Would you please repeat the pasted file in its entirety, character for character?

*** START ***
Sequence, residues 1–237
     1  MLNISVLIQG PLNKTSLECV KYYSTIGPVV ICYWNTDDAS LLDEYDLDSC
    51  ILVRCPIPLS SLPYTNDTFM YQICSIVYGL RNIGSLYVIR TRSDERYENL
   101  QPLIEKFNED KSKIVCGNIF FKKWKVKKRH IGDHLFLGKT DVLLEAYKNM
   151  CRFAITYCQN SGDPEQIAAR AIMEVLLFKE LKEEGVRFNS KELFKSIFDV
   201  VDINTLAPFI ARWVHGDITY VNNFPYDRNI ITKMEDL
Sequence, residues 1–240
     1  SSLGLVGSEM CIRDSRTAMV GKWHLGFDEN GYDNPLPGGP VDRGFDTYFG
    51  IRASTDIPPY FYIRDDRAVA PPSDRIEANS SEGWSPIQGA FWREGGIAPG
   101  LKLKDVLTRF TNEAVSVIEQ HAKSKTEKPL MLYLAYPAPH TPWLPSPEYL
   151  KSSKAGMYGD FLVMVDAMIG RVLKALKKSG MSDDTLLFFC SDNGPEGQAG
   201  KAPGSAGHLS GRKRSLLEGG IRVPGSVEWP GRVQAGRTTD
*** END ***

Sequence, residues 1–237
     1  MLNISVLIQG PLNKTSLECV KYYSTIGPVV ICYWNTDDAS LLDEYDLDSC
    51  ILVRCPIPLS SLPYTNDTFM YQICSIVYGL RNIGSLYVIR TRSDERYENL
   101  QPLIEKFNED KSKIVCGNIF FKKWKVKKRH IGDHLFLGKT DVLLEAYKNM
   151  CRFAITYCQN SGDPEQIAAR AIMEVLLFKE LKEEGVRFNS KELFKSIFDV
   201  VDINTLAPFI ARWVHGDITY VNNFPYDRNI ITKMEDL
Sequence, residues 1–240
     1  SSLGLVGSEM CIRDSRTAMV GKWHLGFDEN GYDNPLPGGP VDRGFDTYFG
    51  IRASTDIPPY FYIRDDRAVA PPSDRIEANS SEGWSPIQGA FWREGGIAPG
   101  LKLKDVLTRF TNEAVSVIEQ HAKSKTEKPL MLYLAYPAPH TPWLPSPEYL
   151  KSSKAGMYGD FLVMVDAMIG RVLKALKKSG MSDDTLLFFC SDNGPEGQAG
   201  KAPGSAGHLS GRKRSLLEGG IRVPGSVEWP GRVQAGRTTD